This show was before they released their debut album which would include most of the nights set including the final two numbers 'Mary Jane' a hard rocker that would not have been out of place on 'Appetite for Destruction' and another future live classic 'So Unkind' a number full of bite and passion.


You know what you are going to get with Hayseed Dixie, iconic rock numbers given that Hayseed bluegrass treatment, hilarious originals, plenty of stage antics and the wit and wisdom of Barley Scotch.
We had a triple bill of AC/DC classics ‘Dirty Deeds Done Dirt Cheap', ‘Touch Too Much' and ‘Highway To Hell' covers of Motorhead anthem ‘Ace of Spades' ,Sabbath's ‘War Pigs' with the stage bathed in red light and the whole band on vocal duties for ‘Bohemian Rhapsody', all of course given that Dixie magic.
The best of the band originals was the hilarious (if messy) ‘I'm Keeping Your Poop' and there is much to see and enjoy on the visual side with mandolin player Hippy Joe Hymas in particular an absolute firebrand pulling faces and making gestures all set long and playing the main joker.
A Hayseed Dixie gig really is a show and a half, great music and side splitting moments as well as top draw musicians who seem to be having as much fun as the audience.

MAGNUM - 2018

Bob Catley, (songwriter/guitars) Tony Clarkin (vocals), Al Barrow (bass), Rick Benton (keyboards), Lee Morris (drums) the line-up of Magnum for this 2018 show in support of the bands ‘Lost On The Road To Eternity' album.
Delivering that trademark Magnum sound, majestic and rocking for the most part while at other times subtle and beautiful but always full of the most glorious melodies.
Golden oldie classics included ‘All England's Eyes', How Far Jerusalem' and ‘Vigilante', and from that recently released album (future classics!) ‘Peaches And Cream' a hook driven rocker of the finest quality and ‘Without Love' a catchy, polished rocker.
The final number of the main set evoked a spooky, atmospheric mood ‘Don't Wake The Lion (Too Old To Die Young)'. and the encores another evergreen classic ‘The Spirit' with its medieval intro and finally ‘When The World Comes Down' closing yet another class set by one of the countries most enduring rock bands.


This Californian based all female tribute to the mighty Iron Maiden really did justice to the mighty Maiden name.
As with the real thing they hit the stage to the intro tape of UFO classic Doctor Doctor and the show includes plenty of spectacle smoke, explosions and even their very own Eddie making numerous appearances in different guises.
The sound of the band has to be heard to be believed, of course thunderous at times (bass and drum work solid as a rock) but wonderfully melodic when required with the twin guitar work a delight.
Highlights included roaring opener ‘Aces High', my all time fav Maiden number ‘Wasted Years', and ‘The Trooper'.
The crowds reaction and interaction throughout singing along especially on an epic ‘Fear Of The Dark', and jumping up and down and head banging throughout the show turned the night into a real event.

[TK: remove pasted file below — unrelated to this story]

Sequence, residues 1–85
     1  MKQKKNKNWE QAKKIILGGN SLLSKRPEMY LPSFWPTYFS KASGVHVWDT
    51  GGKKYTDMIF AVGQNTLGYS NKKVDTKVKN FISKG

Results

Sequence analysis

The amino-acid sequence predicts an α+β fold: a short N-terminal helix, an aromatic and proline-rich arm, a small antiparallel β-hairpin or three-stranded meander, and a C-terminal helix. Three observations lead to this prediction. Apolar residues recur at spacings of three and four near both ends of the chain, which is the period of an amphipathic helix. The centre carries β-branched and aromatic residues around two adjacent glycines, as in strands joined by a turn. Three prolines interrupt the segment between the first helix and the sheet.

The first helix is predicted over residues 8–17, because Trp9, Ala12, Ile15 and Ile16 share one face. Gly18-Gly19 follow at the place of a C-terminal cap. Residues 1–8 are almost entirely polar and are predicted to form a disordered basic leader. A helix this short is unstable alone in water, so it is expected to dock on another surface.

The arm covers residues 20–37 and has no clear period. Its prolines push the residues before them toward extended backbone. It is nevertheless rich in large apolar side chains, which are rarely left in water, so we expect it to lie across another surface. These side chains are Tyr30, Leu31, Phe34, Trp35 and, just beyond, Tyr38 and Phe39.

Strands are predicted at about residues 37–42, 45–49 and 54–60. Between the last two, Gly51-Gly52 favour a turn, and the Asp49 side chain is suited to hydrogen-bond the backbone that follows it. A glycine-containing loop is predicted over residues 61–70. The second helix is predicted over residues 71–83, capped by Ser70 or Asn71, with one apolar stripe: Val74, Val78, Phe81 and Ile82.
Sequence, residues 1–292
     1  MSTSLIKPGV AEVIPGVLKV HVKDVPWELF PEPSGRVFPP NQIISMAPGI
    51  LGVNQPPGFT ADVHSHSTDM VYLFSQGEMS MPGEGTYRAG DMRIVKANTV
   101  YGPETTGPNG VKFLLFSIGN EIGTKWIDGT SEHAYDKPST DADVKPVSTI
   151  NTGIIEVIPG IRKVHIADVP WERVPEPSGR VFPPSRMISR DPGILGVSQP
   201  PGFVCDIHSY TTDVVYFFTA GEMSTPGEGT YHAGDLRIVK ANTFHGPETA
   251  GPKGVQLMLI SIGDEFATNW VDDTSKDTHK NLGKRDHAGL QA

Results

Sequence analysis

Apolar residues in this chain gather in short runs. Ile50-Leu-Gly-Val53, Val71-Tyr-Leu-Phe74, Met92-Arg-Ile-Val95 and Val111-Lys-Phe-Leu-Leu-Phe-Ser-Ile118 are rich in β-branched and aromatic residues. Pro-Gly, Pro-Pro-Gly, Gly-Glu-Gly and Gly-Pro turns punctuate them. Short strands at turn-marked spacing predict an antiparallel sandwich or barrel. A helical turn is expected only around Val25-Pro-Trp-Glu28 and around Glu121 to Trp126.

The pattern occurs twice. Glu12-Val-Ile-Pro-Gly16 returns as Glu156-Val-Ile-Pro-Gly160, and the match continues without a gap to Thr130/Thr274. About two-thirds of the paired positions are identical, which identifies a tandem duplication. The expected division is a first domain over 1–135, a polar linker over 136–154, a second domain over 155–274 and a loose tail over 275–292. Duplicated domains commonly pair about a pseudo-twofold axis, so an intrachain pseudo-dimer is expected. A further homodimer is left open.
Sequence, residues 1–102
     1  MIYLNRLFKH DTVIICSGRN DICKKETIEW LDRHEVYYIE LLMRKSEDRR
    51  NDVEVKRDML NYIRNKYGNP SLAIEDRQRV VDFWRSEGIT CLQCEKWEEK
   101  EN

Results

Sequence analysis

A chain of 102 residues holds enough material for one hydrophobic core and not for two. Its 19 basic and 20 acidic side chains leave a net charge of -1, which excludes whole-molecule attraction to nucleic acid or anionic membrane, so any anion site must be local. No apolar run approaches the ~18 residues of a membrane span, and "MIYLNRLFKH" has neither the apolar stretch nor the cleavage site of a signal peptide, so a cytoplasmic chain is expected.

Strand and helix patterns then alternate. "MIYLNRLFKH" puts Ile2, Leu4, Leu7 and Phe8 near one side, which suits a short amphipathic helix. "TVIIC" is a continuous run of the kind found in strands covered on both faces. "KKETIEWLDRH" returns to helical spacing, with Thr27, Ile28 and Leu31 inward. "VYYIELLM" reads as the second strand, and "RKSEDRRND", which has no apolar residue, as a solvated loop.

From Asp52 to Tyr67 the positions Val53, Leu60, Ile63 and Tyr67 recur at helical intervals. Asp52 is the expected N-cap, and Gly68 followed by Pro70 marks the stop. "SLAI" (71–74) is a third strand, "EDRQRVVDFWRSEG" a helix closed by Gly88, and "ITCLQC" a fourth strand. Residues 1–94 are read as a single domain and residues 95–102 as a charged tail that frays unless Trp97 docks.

The run in was a belter ‘The Number Of The Beast', ‘Running Free' and ‘Iron Maiden' the latter with Eddie in full flow.


One of the shorter sets I have witnessed but fab to see this iconic American rock/blues band in action, they played at the original Woodstock Festival and the line-up still had two members from that prestigious event in drummer Adolfo "Fito" de la Parra and bassist Larry "The Mole" Taylor (sadly passed away in 2019).
The word classic is over used but this band sure had them so we had plenty of boogie in the shape of ‘On The Road Again Time', ‘Going Up The Country' and ‘Let's Work Together'.
There was an authentic train-a-rollin blues style ‘Rollin' And Tumblin' a blues tune dating back to the 1920's, and the encores included the instrumental ‘Boogie' which alongside a driving blues riff gave all members a chance to shine on their individual instruments.
This show was a piece of rock and roll history and I felt privileged to be there.


The time had arrived for my first live Thin Lizzy experience since the Thunder and Lighting tour hit The Coventry Theatre many years ago, and as the lights dimmed you could sense the atmosphere change in the hall and the anticipation rise as the band walked on and straight into surely one of the best set openers ever (also asking a question I am sure they knew the answer to by the audience reception) 'Are You Ready'.
After the explosive opener we had the double header of all time classics 'Jailbreak' and 'Don't Believe a Word', already we have had three from the Live and Dangerous album (one of the greatest live albums ever) and plenty more where that came from including the funky 'Dancing in the Moonlight', ' Still In Love With You' and 'Cowboy Song'.
While everyone in the hall still of course missed the legendary Phil Lynott (myself included) Ricky Warwick's voice suited the band really well, powerful and with a good touch of Phil's singing style.
Scott Gorham surely one of the coolest guitar slingers in rock was on top form reeling off his trade mark solos (so cool to be in the photo pit with Mr Gorham in my sights) and I was also really impressed with the dynamic axe work of Damon Johnson on the 2nd lead guitar, the current line-up is completed by original powerhouse drummer Brian Downey who excelled all night particularly on the many Celtic tinged numbers, Darren Wharton on keyboards and on the bass Marco Mendoza.
Away from that famous live album we had Darren Wharton's show piece, the atmospheric and ominous 'Angel of Death', dark rocker 'Killer On the Loose'
‘Waiting For An Alibi' and a glorious ‘Whisky In the Jar'
Things really heated up for the encores with a monstrously heavy 'Emerald', followed by the Bob Seger number Lizzy have almost made their own 'Rosalie' and finally in keeping with the band's Irish roots a stunning 'Roisin Dubh (Black Rose) A Rock Legend'.
It was for sure one of the great The Assembly performances.


There you have it another collection of my standout Leamington Assembly gigs with a few of my photos many unpublished, let us hope that the venue returns one day.

Andrew Lock